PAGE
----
Nevertheless, the law was barely enforced to begin with, since it proposed a rather arcane procedure of admission of “guilt.” By law, an organization itself had to apply to the Russian Ministry of Justice to be included in the list of foreign agents. Failure to do so could result in the Prosecutor General’s Office seeking a court order to charge the organization with non-compliance with the law, and only a court could compel NCOs to make appropriate changes to their names.
For a long period of time, therefore, neither the Ministry of Justice nor the Prosecutor General’s Office knew how to proceed in respect of the law. Verification of “suspect” organizations began only after Putin issued a direct order in April 2013. Little progress was made, however, and in the subsequent year, the only organization fined for failure to comply with the law was the movement of election observers Voice, which opted to forgo state registration, but did not recognize itself as a foreign agent.
The process accelerated when, at the Kremlin’s behest, the procedure for adding NCOs to the register of foreign agents was modified. As of 2014, the right to do so was assigned to the Ministry of Justice itself, whereupon a non-commercial organization could only challenge the decision of the latter in court.
As a result, starting June 2014, 64 organizations were included in the register of foreign agents (previously it contained only the non-commercial partnership Supporting Competition in the CIS Countries), none of which managed to remove itself from the list through court action. The only way an organization could do that was through self-annihilation.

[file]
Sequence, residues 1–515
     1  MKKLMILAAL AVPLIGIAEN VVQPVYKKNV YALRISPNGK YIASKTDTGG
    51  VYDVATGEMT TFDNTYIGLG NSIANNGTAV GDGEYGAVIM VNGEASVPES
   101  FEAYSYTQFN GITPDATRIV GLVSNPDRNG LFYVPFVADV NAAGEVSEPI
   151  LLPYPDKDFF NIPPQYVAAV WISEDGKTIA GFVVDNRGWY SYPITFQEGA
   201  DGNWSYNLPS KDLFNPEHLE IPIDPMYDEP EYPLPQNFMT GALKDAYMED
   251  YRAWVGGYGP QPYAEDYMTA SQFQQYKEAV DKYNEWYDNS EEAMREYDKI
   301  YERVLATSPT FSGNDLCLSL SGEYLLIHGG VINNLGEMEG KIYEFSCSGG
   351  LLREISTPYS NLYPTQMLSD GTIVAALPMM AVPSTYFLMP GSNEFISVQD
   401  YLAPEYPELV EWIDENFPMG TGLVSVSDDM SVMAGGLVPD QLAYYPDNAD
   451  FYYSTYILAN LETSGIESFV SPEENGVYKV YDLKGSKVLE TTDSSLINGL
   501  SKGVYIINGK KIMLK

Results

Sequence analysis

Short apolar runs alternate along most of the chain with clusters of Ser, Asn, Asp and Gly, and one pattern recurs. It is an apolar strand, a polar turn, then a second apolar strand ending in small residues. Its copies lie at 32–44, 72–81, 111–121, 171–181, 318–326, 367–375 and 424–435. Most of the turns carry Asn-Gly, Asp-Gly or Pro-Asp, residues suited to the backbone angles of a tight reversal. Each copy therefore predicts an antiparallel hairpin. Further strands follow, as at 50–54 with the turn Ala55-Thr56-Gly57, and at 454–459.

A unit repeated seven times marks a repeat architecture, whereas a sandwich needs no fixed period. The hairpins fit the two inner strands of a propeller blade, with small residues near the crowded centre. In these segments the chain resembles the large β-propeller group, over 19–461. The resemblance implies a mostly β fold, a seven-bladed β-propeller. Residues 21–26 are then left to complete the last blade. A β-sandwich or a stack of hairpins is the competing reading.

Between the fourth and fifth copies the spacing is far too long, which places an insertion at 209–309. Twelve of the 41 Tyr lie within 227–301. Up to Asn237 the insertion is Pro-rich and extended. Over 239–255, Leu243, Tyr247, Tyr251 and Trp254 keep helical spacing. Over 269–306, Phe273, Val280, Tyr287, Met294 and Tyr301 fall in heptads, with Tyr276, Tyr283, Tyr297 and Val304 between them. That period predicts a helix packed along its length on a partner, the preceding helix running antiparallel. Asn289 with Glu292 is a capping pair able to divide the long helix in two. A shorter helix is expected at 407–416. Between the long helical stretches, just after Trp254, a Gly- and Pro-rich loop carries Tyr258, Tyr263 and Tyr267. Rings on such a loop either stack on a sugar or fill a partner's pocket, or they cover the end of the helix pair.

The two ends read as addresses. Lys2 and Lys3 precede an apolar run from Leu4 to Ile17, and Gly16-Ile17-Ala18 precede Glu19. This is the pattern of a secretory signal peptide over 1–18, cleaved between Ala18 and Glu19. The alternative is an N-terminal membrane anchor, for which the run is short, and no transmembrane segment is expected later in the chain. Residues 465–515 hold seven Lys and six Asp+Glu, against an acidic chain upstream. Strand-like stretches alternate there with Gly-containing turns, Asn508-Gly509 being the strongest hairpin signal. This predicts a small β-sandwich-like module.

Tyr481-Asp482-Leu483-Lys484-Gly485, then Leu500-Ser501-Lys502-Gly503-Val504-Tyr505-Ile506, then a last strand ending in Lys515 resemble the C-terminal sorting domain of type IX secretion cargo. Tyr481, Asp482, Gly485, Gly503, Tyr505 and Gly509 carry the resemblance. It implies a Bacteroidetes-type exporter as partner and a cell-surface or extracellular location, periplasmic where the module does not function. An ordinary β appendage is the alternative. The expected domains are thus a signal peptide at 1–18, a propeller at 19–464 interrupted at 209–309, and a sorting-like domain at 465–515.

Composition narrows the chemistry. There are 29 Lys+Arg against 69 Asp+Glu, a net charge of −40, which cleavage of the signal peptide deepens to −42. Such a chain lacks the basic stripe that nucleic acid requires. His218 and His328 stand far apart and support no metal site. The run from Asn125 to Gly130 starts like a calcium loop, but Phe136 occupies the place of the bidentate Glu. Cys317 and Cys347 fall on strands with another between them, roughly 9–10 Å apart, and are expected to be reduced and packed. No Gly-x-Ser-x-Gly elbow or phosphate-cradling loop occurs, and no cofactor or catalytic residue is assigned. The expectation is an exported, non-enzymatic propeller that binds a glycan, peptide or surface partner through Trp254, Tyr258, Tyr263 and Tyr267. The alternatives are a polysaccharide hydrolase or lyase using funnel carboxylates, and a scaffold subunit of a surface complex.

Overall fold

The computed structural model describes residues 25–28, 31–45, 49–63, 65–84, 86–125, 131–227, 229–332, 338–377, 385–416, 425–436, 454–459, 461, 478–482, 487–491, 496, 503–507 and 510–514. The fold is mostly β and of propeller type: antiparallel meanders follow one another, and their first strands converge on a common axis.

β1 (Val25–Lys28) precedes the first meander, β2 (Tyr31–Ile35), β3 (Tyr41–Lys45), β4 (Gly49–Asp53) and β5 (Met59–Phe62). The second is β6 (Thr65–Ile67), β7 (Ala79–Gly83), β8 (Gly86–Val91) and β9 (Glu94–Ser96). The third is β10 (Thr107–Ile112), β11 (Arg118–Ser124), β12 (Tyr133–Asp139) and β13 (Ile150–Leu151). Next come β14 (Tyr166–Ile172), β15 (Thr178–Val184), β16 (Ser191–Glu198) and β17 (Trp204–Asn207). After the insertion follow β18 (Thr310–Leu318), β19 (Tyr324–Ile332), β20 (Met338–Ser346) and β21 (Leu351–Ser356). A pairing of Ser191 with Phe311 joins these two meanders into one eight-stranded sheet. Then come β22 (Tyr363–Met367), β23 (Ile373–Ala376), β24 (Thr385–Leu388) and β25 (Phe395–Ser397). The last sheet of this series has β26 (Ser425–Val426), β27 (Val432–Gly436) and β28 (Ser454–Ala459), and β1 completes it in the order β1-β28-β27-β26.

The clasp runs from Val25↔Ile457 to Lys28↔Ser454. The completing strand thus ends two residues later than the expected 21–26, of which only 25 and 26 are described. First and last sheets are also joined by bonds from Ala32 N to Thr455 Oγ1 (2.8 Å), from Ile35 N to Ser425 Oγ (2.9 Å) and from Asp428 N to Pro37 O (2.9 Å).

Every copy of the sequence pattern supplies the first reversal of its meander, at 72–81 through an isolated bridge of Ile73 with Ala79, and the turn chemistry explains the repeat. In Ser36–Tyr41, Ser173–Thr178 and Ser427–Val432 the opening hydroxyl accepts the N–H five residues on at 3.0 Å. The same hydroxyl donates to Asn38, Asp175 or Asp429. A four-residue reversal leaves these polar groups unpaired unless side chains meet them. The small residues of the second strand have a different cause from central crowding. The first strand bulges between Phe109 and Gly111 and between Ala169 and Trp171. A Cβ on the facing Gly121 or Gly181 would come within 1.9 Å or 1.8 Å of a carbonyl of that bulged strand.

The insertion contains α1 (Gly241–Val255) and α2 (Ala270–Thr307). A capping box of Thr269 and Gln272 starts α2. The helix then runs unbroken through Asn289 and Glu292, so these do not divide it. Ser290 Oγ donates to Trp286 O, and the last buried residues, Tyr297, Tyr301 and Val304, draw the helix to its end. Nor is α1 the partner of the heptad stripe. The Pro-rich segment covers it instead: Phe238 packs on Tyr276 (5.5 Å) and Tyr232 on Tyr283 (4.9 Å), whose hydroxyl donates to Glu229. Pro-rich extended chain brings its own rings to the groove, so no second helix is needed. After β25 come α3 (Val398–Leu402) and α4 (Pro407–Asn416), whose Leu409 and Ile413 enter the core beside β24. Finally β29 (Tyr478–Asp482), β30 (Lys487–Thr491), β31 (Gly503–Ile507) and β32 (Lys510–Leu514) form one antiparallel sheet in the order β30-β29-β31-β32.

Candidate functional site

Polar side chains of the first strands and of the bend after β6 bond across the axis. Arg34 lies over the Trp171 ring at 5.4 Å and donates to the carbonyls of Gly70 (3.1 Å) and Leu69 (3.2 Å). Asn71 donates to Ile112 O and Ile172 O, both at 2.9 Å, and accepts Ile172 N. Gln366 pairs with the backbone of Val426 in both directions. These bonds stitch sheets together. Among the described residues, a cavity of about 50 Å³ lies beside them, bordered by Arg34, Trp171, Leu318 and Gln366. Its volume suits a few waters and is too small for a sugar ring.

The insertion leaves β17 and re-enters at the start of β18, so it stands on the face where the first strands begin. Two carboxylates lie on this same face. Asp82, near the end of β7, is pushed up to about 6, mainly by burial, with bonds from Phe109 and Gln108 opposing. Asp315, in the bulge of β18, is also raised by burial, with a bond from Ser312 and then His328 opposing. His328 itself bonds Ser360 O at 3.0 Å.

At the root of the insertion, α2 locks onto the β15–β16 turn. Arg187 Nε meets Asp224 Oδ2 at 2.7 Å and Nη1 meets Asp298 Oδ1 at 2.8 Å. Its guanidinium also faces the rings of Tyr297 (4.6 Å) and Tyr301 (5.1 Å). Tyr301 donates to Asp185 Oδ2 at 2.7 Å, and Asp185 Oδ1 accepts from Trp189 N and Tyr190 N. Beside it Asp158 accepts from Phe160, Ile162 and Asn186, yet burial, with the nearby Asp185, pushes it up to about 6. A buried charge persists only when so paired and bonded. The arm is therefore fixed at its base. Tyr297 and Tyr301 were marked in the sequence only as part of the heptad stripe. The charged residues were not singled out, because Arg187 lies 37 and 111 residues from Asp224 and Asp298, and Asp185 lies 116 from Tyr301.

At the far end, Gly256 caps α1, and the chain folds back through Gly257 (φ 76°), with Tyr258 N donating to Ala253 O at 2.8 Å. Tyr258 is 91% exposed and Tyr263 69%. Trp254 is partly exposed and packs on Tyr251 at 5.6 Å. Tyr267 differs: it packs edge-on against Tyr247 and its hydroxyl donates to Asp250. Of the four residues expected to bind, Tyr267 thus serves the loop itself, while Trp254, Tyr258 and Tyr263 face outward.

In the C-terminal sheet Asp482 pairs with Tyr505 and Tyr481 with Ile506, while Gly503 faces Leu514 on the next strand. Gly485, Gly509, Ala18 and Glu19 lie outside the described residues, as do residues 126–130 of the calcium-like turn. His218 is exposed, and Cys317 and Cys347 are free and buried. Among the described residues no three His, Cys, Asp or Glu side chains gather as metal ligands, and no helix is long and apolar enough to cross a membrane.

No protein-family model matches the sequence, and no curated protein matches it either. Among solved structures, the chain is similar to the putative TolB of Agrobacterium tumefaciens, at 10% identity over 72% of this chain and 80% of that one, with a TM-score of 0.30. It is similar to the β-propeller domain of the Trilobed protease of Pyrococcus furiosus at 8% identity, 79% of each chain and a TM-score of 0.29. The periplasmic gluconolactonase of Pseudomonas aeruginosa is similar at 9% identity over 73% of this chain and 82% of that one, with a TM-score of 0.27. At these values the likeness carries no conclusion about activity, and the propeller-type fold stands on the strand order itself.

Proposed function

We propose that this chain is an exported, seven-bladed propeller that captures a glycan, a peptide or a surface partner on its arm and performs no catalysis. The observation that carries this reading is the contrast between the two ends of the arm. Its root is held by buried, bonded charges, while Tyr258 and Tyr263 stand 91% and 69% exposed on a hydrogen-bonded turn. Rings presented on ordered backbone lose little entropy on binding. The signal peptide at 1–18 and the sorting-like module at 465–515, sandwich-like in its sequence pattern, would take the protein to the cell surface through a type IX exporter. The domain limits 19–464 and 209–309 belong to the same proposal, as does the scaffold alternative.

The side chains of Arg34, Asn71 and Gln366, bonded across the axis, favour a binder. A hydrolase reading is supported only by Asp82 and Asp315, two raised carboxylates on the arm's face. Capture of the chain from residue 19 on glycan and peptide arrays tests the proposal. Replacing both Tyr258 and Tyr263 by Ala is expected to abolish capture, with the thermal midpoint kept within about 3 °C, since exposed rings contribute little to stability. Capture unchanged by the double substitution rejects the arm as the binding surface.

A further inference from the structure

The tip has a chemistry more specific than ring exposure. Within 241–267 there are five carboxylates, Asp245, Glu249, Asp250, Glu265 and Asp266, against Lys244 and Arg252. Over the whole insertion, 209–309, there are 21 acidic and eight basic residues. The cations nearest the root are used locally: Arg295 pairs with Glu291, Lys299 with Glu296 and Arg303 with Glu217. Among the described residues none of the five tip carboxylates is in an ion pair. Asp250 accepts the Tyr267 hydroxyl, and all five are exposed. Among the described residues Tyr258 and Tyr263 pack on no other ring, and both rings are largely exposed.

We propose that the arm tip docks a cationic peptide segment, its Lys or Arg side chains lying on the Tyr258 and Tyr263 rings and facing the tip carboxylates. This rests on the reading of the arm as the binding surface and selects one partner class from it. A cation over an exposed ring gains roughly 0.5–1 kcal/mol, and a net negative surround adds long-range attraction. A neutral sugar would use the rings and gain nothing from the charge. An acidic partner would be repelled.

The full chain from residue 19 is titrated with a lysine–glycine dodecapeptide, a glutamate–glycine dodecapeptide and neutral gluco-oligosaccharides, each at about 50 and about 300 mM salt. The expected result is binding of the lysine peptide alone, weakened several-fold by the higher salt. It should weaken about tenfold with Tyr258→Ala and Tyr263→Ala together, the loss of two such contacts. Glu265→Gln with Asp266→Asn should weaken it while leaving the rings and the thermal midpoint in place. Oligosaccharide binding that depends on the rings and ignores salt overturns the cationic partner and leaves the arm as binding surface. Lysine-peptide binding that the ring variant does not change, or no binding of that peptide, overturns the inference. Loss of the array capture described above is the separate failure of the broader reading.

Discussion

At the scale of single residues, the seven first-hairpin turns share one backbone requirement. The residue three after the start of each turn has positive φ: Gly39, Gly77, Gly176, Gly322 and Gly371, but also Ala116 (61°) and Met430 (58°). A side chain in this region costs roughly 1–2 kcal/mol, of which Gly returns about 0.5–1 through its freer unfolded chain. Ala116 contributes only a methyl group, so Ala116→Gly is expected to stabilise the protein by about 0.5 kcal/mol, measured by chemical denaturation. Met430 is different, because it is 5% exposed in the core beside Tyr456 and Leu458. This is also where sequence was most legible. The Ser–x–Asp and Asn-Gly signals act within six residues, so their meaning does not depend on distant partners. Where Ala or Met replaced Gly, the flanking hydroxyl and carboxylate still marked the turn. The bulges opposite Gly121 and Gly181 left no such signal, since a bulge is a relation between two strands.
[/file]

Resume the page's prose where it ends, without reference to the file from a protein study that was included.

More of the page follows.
The Kremlin took the law on foreign agent NGOs as the basis to remove “undesirables” from the legal framework. It learned through experience that instead of relying on the law and the courts, it was simpler to hand the initiative over to the Ministry of Justice and the Prosecutor General’s Office (under the Russian Constitution the latter is de jure independent of executive power, but de facto subordinate to the president and his administration). This procedure further reduced the already atrophied rule of law in Russian society, putting legal regulation in the hands of officials appointed from above.
The same scheme was used to amend the law on combating extremist activity. Whereas in 2012-2013 Roskomnadzor [the Federal Service for Supervision in the Sphere of Telecoms, Information Technologies and Mass Communications] had to seek a court injunction on “extremist” websites, as of February 2014, it had only to apply to a public prosecutor’s office, which blocked such resources without delay, whereupon the owners of the site had to seek a court order to bring it back online.